Asian carp remain one of the greatest threats to the Great Lakes, and lawmakers recently introduced bills in both the US Senate and House to further safeguard the region from the invasive fish. Senator Debbie Stabenow (D-MI) and Representatives Dave Camp (R-MI) and Louise Slaughter (D-NY) introduced the Guarding Our Great Lakes Act last week, which will direct the efforts of federal agencies towards vulnerable waterways in Illinois.

“The Great Lakes are part of our way of life and fuel our economy,” said Senator Stabenow in a joint press release. “We must stop them from being destroyed by Asian carp and other invasive species. This is an emergency, and the time has come for decisive action before it’s too late. This bill will call on the Army Corps [of Engineers] to begin work on projects that will help prevent the spread of Asian carp and require the Great Lakes Interagency Task Force to move us closer toward a long-term, permanent solution that will keep Asian carp out of our Lakes for good.”

The bills call for the Great Lakes Interagency Task Force, which is made up of 11 federal agencies, to work with state and local departments to find a permanent solution in keeping Asian carp out of the Great Lakes. The bill also focuses specifically on the Brandon Road Lock and Dam in Joliet, Illinois. The dam is only five miles downstream from the electric barriers keeping carp out of the canal and is one of the most vulnerable spots in the region. However, the Associated Press reported that experts also view it as a vital choke point to prevent the carp from entering the Great Lakes. The bill will reinforce the site, which according to the US Army Corps of Engineers may include additional electric barriers or a new type of lock to treat water for carp eggs.

“After years of study, we must begin making tangible progress to safeguard the Great Lakes ecosystem and the $7 billion economy it supports – and that is exactly what this bill would do,” said Representative Camp. “The Guarding Our Great Lakes Act would take the next necessary actions to prevent the spread of Asian carp. Focusing control efforts at Brandon Road Lock and Dam and beginning to improve the Chicago Area Waterway System are vital steps that need to be taken as we continue working to find a permanent solution.”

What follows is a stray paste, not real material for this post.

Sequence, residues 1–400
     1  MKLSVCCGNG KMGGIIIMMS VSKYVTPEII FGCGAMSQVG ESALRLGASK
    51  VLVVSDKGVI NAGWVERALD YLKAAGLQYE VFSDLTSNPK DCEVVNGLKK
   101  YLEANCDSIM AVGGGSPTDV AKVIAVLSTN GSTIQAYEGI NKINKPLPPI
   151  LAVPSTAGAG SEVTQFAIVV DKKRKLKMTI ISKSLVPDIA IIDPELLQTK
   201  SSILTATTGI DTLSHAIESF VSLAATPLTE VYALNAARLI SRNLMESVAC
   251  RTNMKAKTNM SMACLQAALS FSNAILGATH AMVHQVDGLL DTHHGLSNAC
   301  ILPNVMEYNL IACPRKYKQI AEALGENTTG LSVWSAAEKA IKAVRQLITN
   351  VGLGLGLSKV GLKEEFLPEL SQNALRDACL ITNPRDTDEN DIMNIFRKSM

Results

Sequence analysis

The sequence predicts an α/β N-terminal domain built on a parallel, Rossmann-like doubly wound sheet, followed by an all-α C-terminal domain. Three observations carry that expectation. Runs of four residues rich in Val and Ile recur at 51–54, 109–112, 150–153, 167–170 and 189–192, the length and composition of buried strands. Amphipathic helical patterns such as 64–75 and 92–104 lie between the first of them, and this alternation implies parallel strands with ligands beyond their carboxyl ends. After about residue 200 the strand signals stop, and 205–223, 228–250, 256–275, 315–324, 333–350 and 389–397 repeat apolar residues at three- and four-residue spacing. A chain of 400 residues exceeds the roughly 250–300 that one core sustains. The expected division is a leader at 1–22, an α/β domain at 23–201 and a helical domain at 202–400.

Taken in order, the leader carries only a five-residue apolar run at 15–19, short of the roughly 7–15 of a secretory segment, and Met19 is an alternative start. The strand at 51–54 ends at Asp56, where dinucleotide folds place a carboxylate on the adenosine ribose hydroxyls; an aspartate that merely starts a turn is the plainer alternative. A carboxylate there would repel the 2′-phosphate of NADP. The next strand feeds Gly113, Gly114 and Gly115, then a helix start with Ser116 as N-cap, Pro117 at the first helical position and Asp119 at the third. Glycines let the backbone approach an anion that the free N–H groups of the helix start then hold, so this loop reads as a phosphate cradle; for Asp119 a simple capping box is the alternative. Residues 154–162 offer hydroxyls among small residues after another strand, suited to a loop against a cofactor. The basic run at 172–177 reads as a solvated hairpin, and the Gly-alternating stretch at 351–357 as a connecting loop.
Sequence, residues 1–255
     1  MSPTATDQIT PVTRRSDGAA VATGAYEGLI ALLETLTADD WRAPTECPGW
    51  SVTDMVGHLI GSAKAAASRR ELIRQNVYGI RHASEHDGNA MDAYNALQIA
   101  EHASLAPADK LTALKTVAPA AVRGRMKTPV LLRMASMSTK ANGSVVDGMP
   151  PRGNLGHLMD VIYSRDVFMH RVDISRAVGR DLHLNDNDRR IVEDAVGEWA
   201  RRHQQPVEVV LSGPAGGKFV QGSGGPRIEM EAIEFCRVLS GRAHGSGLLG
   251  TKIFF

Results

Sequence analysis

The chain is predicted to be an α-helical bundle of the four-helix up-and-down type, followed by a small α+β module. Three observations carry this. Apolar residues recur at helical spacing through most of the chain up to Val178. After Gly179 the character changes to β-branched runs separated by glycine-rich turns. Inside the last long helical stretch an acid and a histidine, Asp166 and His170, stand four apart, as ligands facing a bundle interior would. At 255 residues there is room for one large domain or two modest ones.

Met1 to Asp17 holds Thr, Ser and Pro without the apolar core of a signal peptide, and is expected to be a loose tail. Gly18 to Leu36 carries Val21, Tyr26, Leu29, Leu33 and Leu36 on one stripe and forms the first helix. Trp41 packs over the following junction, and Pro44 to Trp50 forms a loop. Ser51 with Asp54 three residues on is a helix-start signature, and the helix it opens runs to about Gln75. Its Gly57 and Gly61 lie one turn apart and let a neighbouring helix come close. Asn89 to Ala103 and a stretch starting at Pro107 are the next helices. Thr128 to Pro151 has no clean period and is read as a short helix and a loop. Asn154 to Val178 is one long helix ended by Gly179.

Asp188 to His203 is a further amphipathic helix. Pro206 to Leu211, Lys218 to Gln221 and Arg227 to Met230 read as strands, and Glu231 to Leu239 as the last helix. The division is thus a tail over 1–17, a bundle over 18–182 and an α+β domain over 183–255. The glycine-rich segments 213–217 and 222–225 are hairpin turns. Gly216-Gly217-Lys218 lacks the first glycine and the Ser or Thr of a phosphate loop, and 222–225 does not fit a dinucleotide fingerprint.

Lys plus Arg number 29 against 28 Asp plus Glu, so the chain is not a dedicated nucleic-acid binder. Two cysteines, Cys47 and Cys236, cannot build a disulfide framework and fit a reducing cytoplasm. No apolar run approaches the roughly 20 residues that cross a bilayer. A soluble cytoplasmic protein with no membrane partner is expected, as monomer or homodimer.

Asian carp are an aggressive, adaptable, and fast-growing group of invasive species that can outcompete native fish and push them out of the ecosystem. Since the first Asian carp escaped aquaculture farms in the early 1970s, the fish has spread widely across the Mississippi River and now are close to entering the Great Lakes. Earlier this year, the US Army Corps of Engineers proposed a number of methods to prevent the fish from entering the lake system, with some options costing as much as $18 billion over a span of 25 years.

“The federal government’s response to invasive species over the years has largely been reactive, not proactive, and we have paid a dear price,” said Representative Slaughter. “We have to take this problem head on, which is why I’m proud to introduce with my colleagues the Guarding Our Great Lakes Act—to stop Asian Carp before they destroy the native ecosystems of our beloved Great Lakes.”

Image courtesy Wisconsin Department of Natural Resources

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